"Two stops," I blurted to the driver, barely looking up from my phone as I climbed into his car and tap-tap-tapped away, wading through an endless stream of e-mail as I left work. Absurdly late for my dog's vet appointment, I reluctantly dropped $30 on a ride-share service and prayed we'd beat the wild, winding Boston traffic.

"I miss Minneapolis," I thought.

The three-word sentiment echoed in my head, clunky and unexpected. I had returned, happily, to Boston, where I'd longed to be during my year and a half in Minneapolis. I thought I'd left the Midwest behind, but it was lingering within me. I faced the (admittedly First World) problem of both places vying for real estate in my heart.

I moved to the Twin Cities in the fall of 2014 after accepting a fantastic, creative job (at this very newspaper, in fact). I also landed an apartment in northeast Minneapolis that seemed built just for me.

I hauled my Minnesota grandfather's bookshelf into the living room and hung Boston memorabilia on the walls.

A born-and-raised Hoosier, I was somewhat hesitant to return to the sleepy Midwest and its familiar comforts. But I unpacked my casserole (pardon me — hot dish) pans and decided to give this place a chance.

I was greeted, go figure, by a heap of snow.

But I soon found glimmers of light in the winter darkness: a Lizzo show, recreational sports leagues, perfectly hoppy beer and savory Tater Tots. Spring arrived, then summer. I fell in, out and back into love. I got fit with my co-workers during midday runs along the Mississippi River.

Minneapolis became my home.

Tears in the bathroom

But as time passed, my Midwestern reverie dimmed. Inside bathroom stalls, I wiped away tears. I checked flight prices, job boards and housing prices in faraway cities. My life in Minneapolis always felt transitional, like a rest stop on a long highway. With pangs of guilt, I started planning my eastward exit sooner than I expected.

I pulled the Red Sox hat out of my closet.

I longed for Boston because it was older, louder and multicolored in ways the Midwest wasn't. I was hungry for more than Minneapolis could deliver — lobster rolls, not lutefisk. I needed to hear "That sucks" not "Well, that's … different."

I wanted my external scenery to reflect my complicated internal state. As I waded through wobbly relationships and professional stress and other realities of growing up, I longed for a place with war history and blaring car horns right alongside hopeful students and symphonies.

Back to Boston

Chasing challenge over comfort, I hauled my Minnesotan grandfather's bookshelf up three flights of creaky stairs to my new Boston apartment this May. I hung Minneapolis memorabilia on the walls. I created a new home, but I was unsettled by fond memories of the last one.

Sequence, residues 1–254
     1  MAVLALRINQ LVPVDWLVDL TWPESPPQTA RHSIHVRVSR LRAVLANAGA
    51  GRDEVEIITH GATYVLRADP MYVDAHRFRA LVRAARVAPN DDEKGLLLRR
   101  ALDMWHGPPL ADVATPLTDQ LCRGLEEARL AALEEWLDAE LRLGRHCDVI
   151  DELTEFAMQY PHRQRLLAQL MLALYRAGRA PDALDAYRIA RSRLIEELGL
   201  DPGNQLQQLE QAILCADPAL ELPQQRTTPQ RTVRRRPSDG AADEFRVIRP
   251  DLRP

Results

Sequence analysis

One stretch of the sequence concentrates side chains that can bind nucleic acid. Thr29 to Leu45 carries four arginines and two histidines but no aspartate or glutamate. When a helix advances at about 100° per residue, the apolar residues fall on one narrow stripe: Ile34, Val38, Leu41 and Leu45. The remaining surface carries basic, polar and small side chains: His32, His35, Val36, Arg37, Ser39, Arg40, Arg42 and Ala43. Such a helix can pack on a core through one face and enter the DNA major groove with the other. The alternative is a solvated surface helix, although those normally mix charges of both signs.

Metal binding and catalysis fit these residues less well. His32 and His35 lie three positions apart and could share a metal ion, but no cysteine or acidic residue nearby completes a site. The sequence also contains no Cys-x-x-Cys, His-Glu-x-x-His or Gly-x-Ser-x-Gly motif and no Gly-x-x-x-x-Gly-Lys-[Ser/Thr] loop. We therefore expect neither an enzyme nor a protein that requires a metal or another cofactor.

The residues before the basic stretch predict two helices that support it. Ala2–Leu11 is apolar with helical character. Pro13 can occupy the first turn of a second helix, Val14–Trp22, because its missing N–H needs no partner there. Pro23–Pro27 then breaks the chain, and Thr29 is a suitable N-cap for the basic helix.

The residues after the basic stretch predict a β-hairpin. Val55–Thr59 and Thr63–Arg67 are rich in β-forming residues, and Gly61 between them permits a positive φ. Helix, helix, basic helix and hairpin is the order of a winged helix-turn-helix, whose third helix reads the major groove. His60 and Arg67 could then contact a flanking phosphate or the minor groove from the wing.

Cue up "Big Yellow Taxi" on the mental jukebox: "Don't it always seem to go that you don't know what you've got till it's gone?"

I had subscribed to the foolish notion that life's big transitions can be emotionally seamless. I thought, if we only listen closely to the universe, we can make the "right" decisions and, step by step, become who we truly are. If we get it right, we won't feel sad or strange or ever meander back through our pasts to wonder if we picked the right road.

But that sadness is important, even necessary. We don't get to fast-forward through episodes of uncertainty. And occasionally, we rerun the archives, looking for themes to quell our fears and guide the next big decision.

A quote from Argentine short-story writer Jorge Luis Borges has guided me through the transience of my 20s: "I'm not sure that I exist, actually. I am all the writers that I have read, all the people that I have met, all the women that I have loved; all the cities I have visited."

I don't just miss Minneapolis; I am Minneapolis, just as I am every other city I've lived in. I can love cities while living outside their borders, even when I occasionally ache for the parts of myself I left along the way.

I find that nostalgia reassuring now. I didn't fail to appreciate Minneapolis; I loved it enough to keep it with me. I packed it up in my bags and threw it in the trunk of a cab, cruising forward down the road.

Emily Theis is a designer, illustrator and digital producer in Boston, and a proud former Star Tribune print designer. Find her on twitter or instagram: @the_is. Or follow her dog on instagram: @noodle_pup.

ABOUT 10,000 Takes: 10,000 Takes features first-person essays about life in the North Star State. Read more at startribune.com/10000takes.